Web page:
Wrangling and Munging Data with SQL and R

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  • 08 March 2013
  • statistics.com
  • Organiser: statistics.com
  • Event Details

Course tutor: Kathryn Vasilaky

Please note this course runs until 5th April 2013.

Aim of Course:

Most big data are stored in relational database management systems, which are organized as a number of related tables. To perform common statistical analyses, the data must typically be in a single table.

The SQL (structured query language) programming language is often used to pull data from the various tables in a database and assemble it in a format amenable to statistical analysis or review. SQL can also be used for basic calculations, but it’s not meant for heavy-duty statistical programming.

The purpose of this course is to teach you how to extract data from a relational database using SQL, and merge it into a single file in R, so that you can perform statistical operations.

An example you might face at work is: you’d like to see the effect of interest rates on the number of X (let’s say cars) sold in each state. Interest rates on car loans are in one table, sales for each dealership in each state are in another table. You’ll need to aggregate sales by dealership and state, and merge in interest rates by state. Finally, you’ll want to run a linear regression or correlation between total sales and interest rates.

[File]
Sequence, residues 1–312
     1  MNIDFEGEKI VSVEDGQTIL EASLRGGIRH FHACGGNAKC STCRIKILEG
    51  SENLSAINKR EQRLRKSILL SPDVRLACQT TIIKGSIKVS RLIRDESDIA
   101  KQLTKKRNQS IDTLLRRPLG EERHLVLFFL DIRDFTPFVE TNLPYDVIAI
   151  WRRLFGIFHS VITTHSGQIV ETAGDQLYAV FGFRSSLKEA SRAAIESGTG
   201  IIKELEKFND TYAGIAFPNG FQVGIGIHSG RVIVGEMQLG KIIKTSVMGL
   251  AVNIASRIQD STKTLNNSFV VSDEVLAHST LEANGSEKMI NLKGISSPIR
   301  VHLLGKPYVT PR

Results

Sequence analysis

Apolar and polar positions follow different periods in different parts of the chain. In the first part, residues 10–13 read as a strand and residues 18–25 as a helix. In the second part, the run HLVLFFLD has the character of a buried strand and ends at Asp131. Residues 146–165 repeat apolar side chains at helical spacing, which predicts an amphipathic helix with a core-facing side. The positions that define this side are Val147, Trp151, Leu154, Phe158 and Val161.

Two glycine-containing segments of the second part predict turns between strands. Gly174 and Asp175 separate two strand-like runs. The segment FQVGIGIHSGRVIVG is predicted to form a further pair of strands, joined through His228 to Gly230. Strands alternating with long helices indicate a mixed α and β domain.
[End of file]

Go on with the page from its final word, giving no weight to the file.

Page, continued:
This course will help you solve the above, and similar such problems. You will learn how to think “like” a relational database, so that you can manipulate matrixes and vectors of data using SQL queries. Then you will learn how to bring data from your database and organize it into a flatfile in R. This will allow you, the user, to do anything from basic statistical calculations (e.g. averages, tabulations, linear regressions, test of two means) to machine learning algorithms on your data. By the end of the 4 weeks, you should be able to visualize how you need to manipulate a dataset in order to perform a desired calculation or answer a particular question.


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